For my first Book to Film Friday I thought it would be best to start with the YA Dystopia that, in my opinion, kicked off a whole generation of book to film adaptations; The Hunger Games. Since its popularity exploded seemingly overnight, The Hunger Games appears to have inspired a huge number of similar dystopian, blood-thirsty plots, with every new addition to the genre being compared to it. I really enjoyed this series of books and I remember being impressed with the way they were (and are still being!) adapted to film.

One of the major things I loved about the book series was the way the style really made me feel like a part of the action. I must admit, while at first I found the first person and present tense narrative a little jarring, it really grew on me as I realised the effect it was having. For me, this was a really clever move from Suzanne Collins as it draws the reader straight into the novel, making them really relate to Katniss in a deeply connected way.

I was so happy with the way the movie managed to capture that same feeling. The up-close camera angles and the sometimes shaky filming created that notion of being part of the action and really pulled me in to the story again. I loved how raw and candid the film felt, and for me the whole style and tone worked incredibly well. This was especially apparent at The Reaping; it was scary and way too close for comfort (especially that Capitol film – shudder).

I thought almost all the actors chosen to play the characters were just perfect. I especially loved Jennifer Lawrence as Katniss; she was mature and strong and captured those complex emotions hidden by a stoney exterior so, so well. She’s a brilliant, talented actress and The Hunger Games really kicked off her career. I remember some people not being happy with Jennifer as she wasn’t ‘skinny’ enough, which drove me crazy. I despise this notion that women have to look a certain way to be successful and Jennifer has said some really poignant words about this very topic. To me, while Katniss was struggling I never pictured her as painfully thin, and even if that were the case I would never expect an actress to put their health at risk to achieve that.

I really enjoyed seeing Woody Harrelson as Haymitch too, brilliant light-relief and just how I pictured him in the book. However, his alcohol issues were resolved more than a little too easily for me. The film kind of diminished his complexity by undermining the way he had learned to cope with the horrors of his own Hunger Games experience and I felt a bit cheated by it. I realise some things need to be sacrified in the process of adapting a film from a novel, but I feel like it shouldn’t have been this.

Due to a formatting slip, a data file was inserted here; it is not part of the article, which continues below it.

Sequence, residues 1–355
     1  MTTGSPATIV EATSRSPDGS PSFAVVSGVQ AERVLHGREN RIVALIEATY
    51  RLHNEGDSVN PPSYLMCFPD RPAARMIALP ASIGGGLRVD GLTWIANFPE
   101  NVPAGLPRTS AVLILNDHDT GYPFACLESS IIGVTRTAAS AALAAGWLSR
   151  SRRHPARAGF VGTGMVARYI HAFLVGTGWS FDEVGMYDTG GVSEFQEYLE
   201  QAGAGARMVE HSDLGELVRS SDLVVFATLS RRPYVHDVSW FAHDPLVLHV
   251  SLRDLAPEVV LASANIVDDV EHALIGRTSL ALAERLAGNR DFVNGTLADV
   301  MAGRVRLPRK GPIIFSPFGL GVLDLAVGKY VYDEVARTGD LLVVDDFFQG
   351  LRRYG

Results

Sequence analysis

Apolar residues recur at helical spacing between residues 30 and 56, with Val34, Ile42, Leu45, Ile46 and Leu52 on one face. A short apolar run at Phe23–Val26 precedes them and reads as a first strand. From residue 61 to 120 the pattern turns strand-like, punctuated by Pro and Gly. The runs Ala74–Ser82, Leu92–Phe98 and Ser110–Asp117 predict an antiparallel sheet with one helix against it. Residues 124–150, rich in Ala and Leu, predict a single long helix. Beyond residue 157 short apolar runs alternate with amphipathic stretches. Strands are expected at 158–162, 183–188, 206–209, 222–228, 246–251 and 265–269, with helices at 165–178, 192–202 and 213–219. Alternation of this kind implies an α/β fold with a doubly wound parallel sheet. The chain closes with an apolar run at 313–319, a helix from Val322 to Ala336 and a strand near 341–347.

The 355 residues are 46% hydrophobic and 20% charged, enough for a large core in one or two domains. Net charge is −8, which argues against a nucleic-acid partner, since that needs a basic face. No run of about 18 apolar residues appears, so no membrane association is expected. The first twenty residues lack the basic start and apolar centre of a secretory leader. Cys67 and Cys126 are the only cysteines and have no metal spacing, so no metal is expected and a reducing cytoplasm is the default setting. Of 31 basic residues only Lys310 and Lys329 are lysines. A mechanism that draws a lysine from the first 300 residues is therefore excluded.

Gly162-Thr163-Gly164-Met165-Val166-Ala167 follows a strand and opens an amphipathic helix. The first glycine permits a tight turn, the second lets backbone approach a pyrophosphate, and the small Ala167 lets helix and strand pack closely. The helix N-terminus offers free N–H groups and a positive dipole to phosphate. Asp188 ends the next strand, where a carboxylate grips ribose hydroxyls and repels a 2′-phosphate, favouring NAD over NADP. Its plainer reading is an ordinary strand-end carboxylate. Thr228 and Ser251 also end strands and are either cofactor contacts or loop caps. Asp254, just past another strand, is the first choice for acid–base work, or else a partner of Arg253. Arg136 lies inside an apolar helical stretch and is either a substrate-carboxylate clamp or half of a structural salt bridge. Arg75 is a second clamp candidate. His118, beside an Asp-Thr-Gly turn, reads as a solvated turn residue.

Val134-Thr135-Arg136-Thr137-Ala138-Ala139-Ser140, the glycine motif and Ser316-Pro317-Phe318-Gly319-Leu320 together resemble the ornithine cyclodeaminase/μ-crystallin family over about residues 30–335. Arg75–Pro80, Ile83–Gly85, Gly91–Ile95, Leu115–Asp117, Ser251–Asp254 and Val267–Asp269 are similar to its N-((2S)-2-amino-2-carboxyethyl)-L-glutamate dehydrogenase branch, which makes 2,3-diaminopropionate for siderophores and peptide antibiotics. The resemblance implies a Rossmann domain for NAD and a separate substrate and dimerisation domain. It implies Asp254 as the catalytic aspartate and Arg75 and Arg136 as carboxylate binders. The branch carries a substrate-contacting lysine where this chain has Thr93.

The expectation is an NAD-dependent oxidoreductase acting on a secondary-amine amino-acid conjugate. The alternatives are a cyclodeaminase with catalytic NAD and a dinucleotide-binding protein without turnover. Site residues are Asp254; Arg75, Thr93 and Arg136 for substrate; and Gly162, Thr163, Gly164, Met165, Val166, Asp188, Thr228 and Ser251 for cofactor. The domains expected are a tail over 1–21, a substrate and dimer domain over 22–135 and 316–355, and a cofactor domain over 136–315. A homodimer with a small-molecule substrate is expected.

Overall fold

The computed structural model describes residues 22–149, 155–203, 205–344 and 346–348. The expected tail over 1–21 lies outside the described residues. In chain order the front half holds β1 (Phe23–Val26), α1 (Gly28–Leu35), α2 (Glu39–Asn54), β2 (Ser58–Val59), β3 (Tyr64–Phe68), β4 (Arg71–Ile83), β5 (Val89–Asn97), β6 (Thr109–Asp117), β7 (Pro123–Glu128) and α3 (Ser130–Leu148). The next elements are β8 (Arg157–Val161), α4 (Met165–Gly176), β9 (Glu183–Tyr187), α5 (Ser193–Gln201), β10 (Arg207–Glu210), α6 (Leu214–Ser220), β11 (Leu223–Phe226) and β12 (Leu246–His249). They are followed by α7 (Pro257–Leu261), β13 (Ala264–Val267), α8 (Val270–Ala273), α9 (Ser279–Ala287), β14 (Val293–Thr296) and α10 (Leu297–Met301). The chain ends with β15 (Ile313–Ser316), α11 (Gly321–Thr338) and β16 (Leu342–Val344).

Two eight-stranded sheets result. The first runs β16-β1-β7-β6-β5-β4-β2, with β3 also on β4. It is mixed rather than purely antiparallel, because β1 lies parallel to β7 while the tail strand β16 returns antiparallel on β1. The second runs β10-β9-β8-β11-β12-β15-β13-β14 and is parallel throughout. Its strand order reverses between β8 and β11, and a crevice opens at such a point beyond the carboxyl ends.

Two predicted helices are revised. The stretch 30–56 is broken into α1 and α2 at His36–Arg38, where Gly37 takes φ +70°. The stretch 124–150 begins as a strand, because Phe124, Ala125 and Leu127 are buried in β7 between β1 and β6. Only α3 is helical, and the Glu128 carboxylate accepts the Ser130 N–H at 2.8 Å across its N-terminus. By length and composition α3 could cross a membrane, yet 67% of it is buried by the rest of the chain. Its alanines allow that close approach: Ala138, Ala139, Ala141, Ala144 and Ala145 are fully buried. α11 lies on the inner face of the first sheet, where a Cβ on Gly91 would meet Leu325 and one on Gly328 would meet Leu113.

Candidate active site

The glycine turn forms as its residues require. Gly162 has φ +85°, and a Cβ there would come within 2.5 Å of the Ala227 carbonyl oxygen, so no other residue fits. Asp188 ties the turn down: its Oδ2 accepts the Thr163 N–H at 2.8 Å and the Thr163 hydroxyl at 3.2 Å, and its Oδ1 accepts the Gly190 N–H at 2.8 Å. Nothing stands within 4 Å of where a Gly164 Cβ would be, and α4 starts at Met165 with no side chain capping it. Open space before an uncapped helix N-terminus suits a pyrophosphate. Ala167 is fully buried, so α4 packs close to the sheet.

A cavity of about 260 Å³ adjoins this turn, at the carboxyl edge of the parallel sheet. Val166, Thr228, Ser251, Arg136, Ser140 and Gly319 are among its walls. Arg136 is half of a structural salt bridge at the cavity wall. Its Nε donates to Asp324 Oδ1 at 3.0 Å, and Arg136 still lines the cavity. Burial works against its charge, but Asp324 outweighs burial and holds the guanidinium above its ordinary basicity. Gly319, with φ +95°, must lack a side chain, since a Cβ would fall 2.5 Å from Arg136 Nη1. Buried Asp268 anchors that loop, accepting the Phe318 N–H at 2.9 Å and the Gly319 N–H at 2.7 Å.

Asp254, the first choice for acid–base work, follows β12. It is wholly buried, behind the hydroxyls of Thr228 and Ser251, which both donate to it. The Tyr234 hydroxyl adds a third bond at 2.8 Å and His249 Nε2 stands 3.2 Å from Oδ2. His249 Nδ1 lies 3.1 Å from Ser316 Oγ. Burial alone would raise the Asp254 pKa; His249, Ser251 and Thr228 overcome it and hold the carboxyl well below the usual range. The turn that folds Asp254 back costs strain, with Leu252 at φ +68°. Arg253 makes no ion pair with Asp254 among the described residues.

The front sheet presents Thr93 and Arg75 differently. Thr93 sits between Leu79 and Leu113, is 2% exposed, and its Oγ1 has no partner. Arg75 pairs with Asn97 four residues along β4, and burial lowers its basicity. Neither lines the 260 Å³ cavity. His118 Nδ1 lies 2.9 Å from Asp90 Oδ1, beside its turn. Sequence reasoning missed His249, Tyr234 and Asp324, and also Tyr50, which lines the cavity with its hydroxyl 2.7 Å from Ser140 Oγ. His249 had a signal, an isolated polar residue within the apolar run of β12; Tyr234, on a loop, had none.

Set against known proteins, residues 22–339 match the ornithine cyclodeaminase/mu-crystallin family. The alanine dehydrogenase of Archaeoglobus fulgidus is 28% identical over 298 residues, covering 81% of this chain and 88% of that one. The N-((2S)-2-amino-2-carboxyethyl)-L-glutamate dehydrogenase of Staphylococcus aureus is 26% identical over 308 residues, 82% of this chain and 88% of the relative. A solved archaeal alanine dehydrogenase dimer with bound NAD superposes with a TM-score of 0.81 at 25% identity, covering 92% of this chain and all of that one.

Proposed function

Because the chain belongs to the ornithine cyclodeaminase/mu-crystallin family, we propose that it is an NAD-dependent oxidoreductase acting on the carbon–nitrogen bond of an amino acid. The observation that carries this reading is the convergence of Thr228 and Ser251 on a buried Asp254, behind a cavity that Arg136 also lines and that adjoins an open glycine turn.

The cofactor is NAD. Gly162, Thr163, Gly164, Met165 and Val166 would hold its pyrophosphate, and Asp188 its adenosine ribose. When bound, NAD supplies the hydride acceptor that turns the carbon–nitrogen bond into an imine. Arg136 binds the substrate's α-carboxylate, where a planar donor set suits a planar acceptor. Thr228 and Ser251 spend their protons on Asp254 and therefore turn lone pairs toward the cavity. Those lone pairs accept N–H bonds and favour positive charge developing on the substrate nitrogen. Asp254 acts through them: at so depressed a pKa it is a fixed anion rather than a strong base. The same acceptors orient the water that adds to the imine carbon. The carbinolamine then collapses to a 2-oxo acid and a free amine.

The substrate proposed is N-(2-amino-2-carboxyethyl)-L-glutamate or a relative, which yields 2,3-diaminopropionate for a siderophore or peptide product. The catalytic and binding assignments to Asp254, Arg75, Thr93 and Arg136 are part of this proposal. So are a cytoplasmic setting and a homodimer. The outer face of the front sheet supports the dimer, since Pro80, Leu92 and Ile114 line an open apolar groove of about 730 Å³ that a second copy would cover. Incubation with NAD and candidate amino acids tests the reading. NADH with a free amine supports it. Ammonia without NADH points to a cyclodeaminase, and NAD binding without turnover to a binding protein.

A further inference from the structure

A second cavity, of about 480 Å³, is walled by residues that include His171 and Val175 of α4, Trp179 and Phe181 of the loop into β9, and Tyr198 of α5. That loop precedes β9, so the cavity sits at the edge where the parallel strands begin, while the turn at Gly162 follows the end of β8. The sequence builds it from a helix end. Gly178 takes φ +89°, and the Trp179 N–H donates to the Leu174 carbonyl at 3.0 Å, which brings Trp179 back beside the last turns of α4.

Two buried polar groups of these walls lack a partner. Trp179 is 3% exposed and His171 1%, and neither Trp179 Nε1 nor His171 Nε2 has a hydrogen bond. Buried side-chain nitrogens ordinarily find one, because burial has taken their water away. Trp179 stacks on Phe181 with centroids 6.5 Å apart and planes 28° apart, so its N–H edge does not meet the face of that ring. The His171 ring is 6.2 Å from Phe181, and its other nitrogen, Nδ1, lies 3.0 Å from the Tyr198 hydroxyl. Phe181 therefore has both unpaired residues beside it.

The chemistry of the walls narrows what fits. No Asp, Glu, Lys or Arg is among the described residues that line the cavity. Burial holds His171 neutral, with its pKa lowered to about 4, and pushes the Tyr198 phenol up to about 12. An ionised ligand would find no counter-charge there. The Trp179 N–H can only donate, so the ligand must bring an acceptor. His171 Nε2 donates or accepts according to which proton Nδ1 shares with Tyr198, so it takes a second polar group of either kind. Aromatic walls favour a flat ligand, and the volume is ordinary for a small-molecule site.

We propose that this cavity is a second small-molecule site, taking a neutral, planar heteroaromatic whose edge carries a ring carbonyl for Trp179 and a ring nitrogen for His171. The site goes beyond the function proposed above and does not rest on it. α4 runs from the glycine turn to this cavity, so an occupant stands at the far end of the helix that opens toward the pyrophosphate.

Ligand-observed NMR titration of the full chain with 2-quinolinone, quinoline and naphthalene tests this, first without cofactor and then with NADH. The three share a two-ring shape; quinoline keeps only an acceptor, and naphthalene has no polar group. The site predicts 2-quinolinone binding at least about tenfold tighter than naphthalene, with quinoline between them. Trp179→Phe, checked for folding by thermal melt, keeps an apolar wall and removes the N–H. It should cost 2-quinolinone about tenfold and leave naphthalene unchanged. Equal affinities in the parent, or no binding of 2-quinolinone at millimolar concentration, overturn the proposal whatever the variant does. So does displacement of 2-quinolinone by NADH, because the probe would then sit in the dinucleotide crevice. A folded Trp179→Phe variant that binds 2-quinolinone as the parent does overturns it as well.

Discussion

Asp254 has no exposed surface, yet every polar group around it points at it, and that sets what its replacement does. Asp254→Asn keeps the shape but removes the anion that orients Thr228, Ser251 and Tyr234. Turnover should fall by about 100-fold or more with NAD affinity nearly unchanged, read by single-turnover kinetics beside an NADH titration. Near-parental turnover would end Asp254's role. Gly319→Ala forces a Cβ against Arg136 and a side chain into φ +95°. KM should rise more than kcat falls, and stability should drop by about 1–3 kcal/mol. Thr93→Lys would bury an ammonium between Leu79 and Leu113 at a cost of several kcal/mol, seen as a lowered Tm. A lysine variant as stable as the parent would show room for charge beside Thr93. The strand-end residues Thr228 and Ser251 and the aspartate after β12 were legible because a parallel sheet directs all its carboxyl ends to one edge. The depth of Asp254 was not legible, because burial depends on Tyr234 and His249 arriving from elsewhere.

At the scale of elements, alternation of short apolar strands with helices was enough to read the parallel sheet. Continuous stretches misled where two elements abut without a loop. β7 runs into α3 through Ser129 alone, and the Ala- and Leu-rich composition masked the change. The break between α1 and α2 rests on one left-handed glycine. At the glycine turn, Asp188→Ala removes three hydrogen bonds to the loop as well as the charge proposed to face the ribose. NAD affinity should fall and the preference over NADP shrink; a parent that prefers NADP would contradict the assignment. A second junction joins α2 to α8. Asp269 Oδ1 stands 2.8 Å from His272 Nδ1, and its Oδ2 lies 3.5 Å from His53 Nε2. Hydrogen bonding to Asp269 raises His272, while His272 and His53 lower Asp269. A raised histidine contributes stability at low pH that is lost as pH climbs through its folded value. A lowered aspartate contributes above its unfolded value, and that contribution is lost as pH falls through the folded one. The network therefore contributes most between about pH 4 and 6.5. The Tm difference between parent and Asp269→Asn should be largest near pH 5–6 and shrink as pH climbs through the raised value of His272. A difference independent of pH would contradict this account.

My favourite scene of the movie has to be Rue’s death. It was handled so sensitively and beautifully that yes, I definitely did cry! Jennifer was brilliant in portraying that raw, sisterly emotion and caused mass heartbreak across the world. It was done exactly how I pictured it in the book and couldn’t have been happier with how it turned out. It’s such an important, pivotal moment in the story, as Katniss experiences loss and realises what is at stake, and it was perfect.

At the opposite end, I really didn’t connect with the bread scene where Peeta throws Katniss food as she lies starving in the rain. In the book it was a moment something Katniss was truly ashamed of, hating Peeta for seeing that weakness in her, whereas in the film it wasn’t nearly as important. The scene didn’t feel significant or potent in any way, and without the explanation and insight into Katniss’ emotions that comes with the novel it just didn’t come across very well.

My only real annoyance in terms of deviating from the plot was the story behind the Mockingjay pin. It pains me how different the film version made this; its origins don’t mean anything significant in the film but the pin has such a wonderful back-story in the books. Not only this, they cut out a whole character to make this change and the only person Katniss was friends with! I get the desire to isolate Katniss and make it all about Prim and Gale, but damn does it annoy me!

I hope you liked my first post for this feature! I’d love to chat about your thoughts on both the book and the film and even the rest of the series, so let’s start a discussion in the comments!

Charlotte x


Starting next week, every Friday at fireflyreads is officially Book to Film Friday! I’ll be posting about films that are based on counterpart novels, comparing the two stories and hopefully inspiring some discussion in the comments.